Now is the time for Historic Towns to take a proactive approach to improving their retail offer. Figures released by BCSC in April show that there are 4,700.000 sq m of retail floorspace in the pipeline but a large percentage of this is in major developments in the top 100 towns and cities
More than ever, locations are competing to differentiate themselves and offer shoppers an enjoyable experience. Retail is the focus of these new developments but, different from previous decades, shopping is being designed with a new enthusiasm for quality of design, is embracing the concept of mixed uses and is providing the economic driver of deliverability and sustainability.
The problem with this is that smaller, historic locations, by standing still will be left behind and miss out on this opportunity. The economic success of our Historic Towns is fundamental to their long term performance and survival.
The new approach to design and layout of shopping centres is to consider a better integrated solution so that the proposed development not only supports itself but recognises that in smaller locations it is the performance of the whole town that is the key attractor. In doing this we must understand what retailers need - in coping with cost inflation and price deflation they need efficient and bigger floorplates. They cannot compromise on this as they need to compete and will simply go to other towns.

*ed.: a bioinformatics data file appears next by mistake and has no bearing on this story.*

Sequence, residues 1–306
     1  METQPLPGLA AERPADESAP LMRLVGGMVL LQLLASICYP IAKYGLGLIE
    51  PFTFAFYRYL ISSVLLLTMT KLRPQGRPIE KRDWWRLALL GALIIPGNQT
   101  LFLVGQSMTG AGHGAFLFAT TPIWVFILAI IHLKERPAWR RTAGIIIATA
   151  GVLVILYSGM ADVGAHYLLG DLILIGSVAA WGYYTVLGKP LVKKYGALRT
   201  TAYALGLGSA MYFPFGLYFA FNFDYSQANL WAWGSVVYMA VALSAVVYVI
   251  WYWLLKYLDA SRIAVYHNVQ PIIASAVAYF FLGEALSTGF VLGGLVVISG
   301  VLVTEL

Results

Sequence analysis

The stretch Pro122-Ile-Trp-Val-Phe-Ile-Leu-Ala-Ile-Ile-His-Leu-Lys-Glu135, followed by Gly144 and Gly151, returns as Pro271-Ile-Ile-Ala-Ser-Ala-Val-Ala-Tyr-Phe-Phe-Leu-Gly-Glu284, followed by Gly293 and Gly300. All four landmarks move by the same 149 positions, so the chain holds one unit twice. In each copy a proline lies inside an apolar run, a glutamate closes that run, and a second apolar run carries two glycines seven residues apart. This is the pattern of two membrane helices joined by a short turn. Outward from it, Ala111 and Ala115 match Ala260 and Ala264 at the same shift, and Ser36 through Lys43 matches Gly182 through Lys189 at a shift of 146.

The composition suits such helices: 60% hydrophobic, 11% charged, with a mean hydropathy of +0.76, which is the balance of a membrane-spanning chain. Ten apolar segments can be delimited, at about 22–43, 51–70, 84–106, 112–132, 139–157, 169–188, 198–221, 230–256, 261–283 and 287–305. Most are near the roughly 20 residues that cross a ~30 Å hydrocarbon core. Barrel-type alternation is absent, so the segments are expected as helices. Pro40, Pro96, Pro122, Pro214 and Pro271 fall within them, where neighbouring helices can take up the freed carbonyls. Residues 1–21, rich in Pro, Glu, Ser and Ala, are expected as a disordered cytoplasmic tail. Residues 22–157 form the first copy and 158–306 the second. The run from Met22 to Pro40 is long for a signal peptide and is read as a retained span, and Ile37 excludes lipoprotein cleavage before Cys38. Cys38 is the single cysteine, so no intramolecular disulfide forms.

Local Authorities can deliver this by championing high quality design and supporting CPO processes to ensure the right projects are taken forward.
What shoppers want from towns is the same as they get from shopping centres - good access, cleanliness, security and a managed and varied shopping offer. In this regard significant steps are being taken to encourage independent traders as part of a managed tenant mix in an increasing number of locations.
Our Historic Towns possess one of the key requisites for future successful town centres - 'character'. A positive approach to new retail facilities, building on this, will give them an economic future too.
Andrew Ogg Managing Director of architects Leslie Jones and Past President of the British Council of Shopping Centres